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Dylan B.
Second-Year student at Vanderbilt University
Tutor Satisfaction Guarantee
French
TutorMe
Question:

Ask, "Can I go to the bathroom, please?", in French.

Dylan B.
Answer:

Est-ce que je peux aller aux toilettes, s'il vous plaît?

Pre-Calculus
TutorMe
Question:

Find cscθ given that tanθ= 4/3 and θ is in Quadrant II.

Dylan B.
Answer:

Since tanθ= 4/3, cotθ= (1/tanθ)= 3/4, and (csc^2)θ= (cot^2)θ+1= (3/4)^2 + 1 = 9/16 + 1= 25/16 and therefore cscθ= 5/4 since cscθ>0 for θ in Quadrant II.

Sociology
TutorMe
Question:

Compare and contrast Adam Smith and Karl Marx's analyses of capitalism. What effect do they think capitalism has on the worker? What leads to their ideological disconnects?

Dylan B.
Answer:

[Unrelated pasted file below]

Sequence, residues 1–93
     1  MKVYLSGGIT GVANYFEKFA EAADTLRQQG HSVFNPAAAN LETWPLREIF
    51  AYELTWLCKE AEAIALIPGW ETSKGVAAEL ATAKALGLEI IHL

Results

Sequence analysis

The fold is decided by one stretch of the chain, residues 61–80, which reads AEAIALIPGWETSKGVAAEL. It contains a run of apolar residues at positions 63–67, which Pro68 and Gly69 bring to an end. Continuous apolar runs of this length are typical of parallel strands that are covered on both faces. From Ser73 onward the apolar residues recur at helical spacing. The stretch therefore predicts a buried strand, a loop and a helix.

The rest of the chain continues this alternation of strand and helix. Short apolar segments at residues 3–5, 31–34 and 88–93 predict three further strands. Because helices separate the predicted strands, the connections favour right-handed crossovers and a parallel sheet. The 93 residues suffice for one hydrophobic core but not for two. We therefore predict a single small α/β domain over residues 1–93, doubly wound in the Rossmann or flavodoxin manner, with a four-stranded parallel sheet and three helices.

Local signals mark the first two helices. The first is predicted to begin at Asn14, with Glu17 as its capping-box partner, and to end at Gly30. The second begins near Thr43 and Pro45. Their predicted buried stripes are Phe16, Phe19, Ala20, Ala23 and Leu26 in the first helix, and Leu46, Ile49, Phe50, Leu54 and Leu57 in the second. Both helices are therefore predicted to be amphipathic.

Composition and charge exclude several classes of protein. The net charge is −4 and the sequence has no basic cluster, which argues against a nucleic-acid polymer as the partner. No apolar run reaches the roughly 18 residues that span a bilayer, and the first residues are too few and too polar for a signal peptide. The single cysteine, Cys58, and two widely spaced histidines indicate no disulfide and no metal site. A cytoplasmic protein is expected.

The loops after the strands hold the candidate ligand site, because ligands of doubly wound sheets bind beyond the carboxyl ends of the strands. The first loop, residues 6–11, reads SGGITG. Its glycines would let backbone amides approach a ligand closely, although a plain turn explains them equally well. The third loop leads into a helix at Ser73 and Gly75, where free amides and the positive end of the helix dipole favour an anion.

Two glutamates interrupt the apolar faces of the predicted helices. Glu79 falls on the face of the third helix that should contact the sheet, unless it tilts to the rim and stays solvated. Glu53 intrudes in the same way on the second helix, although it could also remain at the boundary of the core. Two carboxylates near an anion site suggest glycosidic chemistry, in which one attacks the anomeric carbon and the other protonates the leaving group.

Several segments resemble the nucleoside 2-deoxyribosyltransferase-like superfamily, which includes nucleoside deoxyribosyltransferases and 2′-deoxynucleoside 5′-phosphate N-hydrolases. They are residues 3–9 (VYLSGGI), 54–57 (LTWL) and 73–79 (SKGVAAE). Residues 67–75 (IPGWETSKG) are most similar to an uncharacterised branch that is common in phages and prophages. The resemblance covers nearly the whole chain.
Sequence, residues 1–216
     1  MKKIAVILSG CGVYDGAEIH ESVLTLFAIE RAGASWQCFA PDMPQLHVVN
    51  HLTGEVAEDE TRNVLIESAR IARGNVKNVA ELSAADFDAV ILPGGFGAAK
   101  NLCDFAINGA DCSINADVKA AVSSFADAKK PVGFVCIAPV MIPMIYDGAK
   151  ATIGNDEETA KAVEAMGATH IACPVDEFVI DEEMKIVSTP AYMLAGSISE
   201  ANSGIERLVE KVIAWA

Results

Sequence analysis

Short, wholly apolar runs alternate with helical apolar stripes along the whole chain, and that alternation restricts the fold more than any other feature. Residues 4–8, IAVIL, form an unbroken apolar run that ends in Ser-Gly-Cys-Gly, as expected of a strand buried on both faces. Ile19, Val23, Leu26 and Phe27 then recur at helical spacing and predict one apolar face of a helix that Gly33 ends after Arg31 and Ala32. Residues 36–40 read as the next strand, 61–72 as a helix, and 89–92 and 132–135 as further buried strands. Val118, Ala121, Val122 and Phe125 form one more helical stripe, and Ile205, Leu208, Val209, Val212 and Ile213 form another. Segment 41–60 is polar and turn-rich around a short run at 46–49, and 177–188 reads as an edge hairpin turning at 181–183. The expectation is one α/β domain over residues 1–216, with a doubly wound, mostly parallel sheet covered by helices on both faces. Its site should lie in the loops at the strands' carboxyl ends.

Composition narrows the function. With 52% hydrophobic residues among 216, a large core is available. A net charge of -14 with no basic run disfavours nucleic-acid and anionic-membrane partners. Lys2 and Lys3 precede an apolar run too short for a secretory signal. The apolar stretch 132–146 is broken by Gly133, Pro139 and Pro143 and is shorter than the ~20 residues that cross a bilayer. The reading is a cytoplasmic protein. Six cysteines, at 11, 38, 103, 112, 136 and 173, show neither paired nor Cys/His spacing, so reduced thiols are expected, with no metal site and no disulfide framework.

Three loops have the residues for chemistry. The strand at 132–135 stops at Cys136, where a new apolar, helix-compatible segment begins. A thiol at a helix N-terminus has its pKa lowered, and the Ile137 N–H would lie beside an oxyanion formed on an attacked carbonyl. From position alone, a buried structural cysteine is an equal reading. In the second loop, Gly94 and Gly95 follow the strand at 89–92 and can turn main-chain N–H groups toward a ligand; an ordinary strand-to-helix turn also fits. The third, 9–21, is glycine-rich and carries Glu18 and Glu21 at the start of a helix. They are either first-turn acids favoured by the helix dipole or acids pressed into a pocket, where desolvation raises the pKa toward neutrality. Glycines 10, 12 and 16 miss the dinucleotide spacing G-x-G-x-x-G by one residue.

Two of the most influential intellectuals of the past few hundred years were Karl Marx and Adam Smith. They both helped create incredibly formative economic theories and analyses. Yet these two are on opposite ends of a spectrum. Many countries such as the United States heralded Smith’s analysis of capitalism. Similarly, Marx’s words were used as a base for political movements, and became classified as socialist and communist ideology. To this day, well over a hundred years later, their analyses of capitalism and the market system are still much debated. While they agree on some general effects of industrialization, their views of its greater effects on individuals and society, especially in regards to freedom, vary greatly. One fact that both Marx and Smith would agree upon is that with the advent of the industrial system the world entered into an age of incredible production capabilities. Before the industrial revolution the ability to produce wide scale mass surpluses was impossible. Individuals with specialized skills produced food and other goods. People had to create entire products one by one, which was time consuming and limited the amounts that could be produced. Both Marx and Smith agree that after the practice of the division of labor and the industrial revolution became wide spread, the system became incredibly efficient and as a result production capabilities exploded. They would also agree that the capitalist system created jobs for many. However, the resulting affects of all these changes on the workers themselves are where Marx and Smith clash. In The Wealth Of Nations Smith says, “It is the great multiplication of the productions of all the different arts, in consequence of the division of labor, which occasions in a well-governed society, that universal opulence which extends itself to the lowest ranks of the people,” (Smith, “The Wealth of Nations”, p.115). What Smith means is that these newfound production levels, resulting in incredible surpluses, benefit everyone from the very rich to the very poor. People now have a greater ability to survive and thrive; the standard of living for everyone increases. People are free in that they do not have to worry nearly as much about every day survival. They can show their preferences in the free market through investing. They have individual freedom. Smith also finds that there is now room for intellectual labor, jobs that could not really exist before. People can use their other talents, their intellectual acumen, to make a living. They can become professors, philosophers, lawyers, etc. They can use their unique abilities to do what they want in life. Smith would admit that the capital system is selfish. People are working to maximize self-interest, as he believes is their nature. However, he would say everyone acting in their own self-interests actually works together to produce this universal opulence for all, a greater collective good. In contrast to Smith, Marx finds that this incredible level of production traps the workers and pushes them into de facto slavery. Marx says, “On the basis of political economy itself, in its own words, we have shown that the worker sinks to the level of a commodity, and becomes indeed the most wretched of commodities; that the wretchedness of the worker is in inverse proportion to the power and magnitude of his production,” (Marx, “Economic and Philosophic Manuscripts of 1844”, p. 70). Marx believes that under the new market system the worker has been stripped of his humanity and of his individuality. Workers are seen as nothing more than a means to an end, a production tool, basically bought and sold. They themselves are items in a market, the labor market. Furthermore, they are alienated from their products. They are stuck producing goods that they often cannot afford. With the ever-increasing specialization of jobs, the work itself becomes easier. Each worker does a tiny part of the manufacture of an entire product causing them to be easily replaceable, their jobs consisting of repetitious acts that can be picked up very quickly. If they lose their job they are left with almost nothing. Marx says, “Thus in this double respect the worker becomes a slave of his object, first, in that he receives an object of labour, i.e., in that he receives work; and secondly, in that he receives means of subsistence,” (Marx, “Economic and Philosophic Manuscripts of 1844”, p. 73). The worker’s life purpose becomes to help produce a product. He depends on this work to live. Marx believes that yes, the capitalist market produces some opulence, but for the bourgeois, not for the workers. Marx would argue that Smith has fallen into the same trap that so many have before him. He has come to believe the ideas of the ruling class, and project them as fact. Marx believes that this capitalist market has resulted in deeper divisions between the rich (the bourgeois) and the poor workers (the proletariat). “Society as a whole is more and more splitting up into two great hostile camps, into two great classes directly facing each other- bourgeoisie and proletariat,” (Marx, “The Communist Manifesto”, p.63). The wealth is now held in the hands of a select few. Marx may recognize that what Smith says might work in theory, but he would argue that Smith’s ideas don’t come to fruition in reality. Freedom has not been secured, but rather taken away. However, Marx finds that the stage has now been set for universal freedom. A new revolution will arise when the proletariat realizes the bourgeois is taking advantage of them. They will set aside their smaller differences and come together as one group to create a new age of equity. One where there is a overall higher standard of living for the masses, even if that means a small group, the wealthy, have to give some things up. One of the key disconnects that led Marx and Smith to disagree on the capitalist system is the difference in their views on human nature. Smith writes that the division of labor, “is the necessary, though very slow and gradual consequence of a certain propensity in human nature which has in view no such extensive utility; the propensity to truck, barter, and exchange one thing for another,” (Smith, “The Wealth of Nations”, p.117). Smith feels that it is in our DNA. He thinks the reason it took so long for humans to fully understand this instinct was because of the dogma and tradition that bound us for thousands of years. But now, being active in the market is natural to us. We weren’t meant to survive on a coincidence of wants, but rather be part of something greater, where we used currency to purchase the goods we needed. Marx feels like this is a fatal assumption. He feels that it doesn’t have to be this way, and that Smith is falling into the same trap that the German ideologists did. “Political Economy proceeds from the fact of private property, but it does not explain it to us,” (Marx, “Economic and Philosophic Manuscripts of 1844”, p.70). Marx argues that Smith is assuming fact due to the time he lives in and his surroundings. Smith’s view is a social construct of the period, a product of particular social relationships. Marx feels that the idea of private property is the expression of a historical mode of social domination, not something that has risen from our basic nature. He feels that when the revolution is over we won’t need the division amongst capital that we now see, but rather we will all be on a more equal footing. Marx feels that our real private property is that of ourselves and of our own work, and that this is lost under capitalism. The workers don’t belong to themselves anymore, but to their employers, to the bourgeoisie. Marx’s view is that a human’s nature is in his own species-being, his ability to have conscious life activity, separating us from animals. We as a species can shape our on nature to some extant. However, estranged labor and the market system, contrary to what Smith says, go against this, our species-being. Estranged labor alienates us from it, making us feel ourselves only in animal functions, rather than our human functions. “In tearing away from man the object of his production, therefore, estranged labour tears from him his species life, his real species objectivity, and transforms his advantage over animals into the disadvantage that his inorganic body, nature, is taken from him,” (Marx, “Economic and Philosophic Manuscripts of 1844”, p. 76-77). The capitalist system opposes our human nature, and our very essence as a species. It strips the workers of their humanity, making them into commodities. Both Marx and Smith might agree that an age of incredible production and technological progress resulted from the industrial revolution and the capitalist system, but they do not agree about its effects on the worker. While Smith sees the process as a realization of our human nature and the creation of an age of opulence for all, Marx finds the opposite. Marx views the new system as ripping away the humanity of the proletariat, who make up the majority of the people. He sees Smith’s views on human nature as being constructed out of the particular social relations of the time and out of the ideas projected by the ruling class. Marx sees the world set up for a new revolution, one in which the proletariat will rise up against the status quo and establish a world where there is a more equal distribution of wealth, and where people work for the good of all instead of the subjugation of the masses and the success of a select few.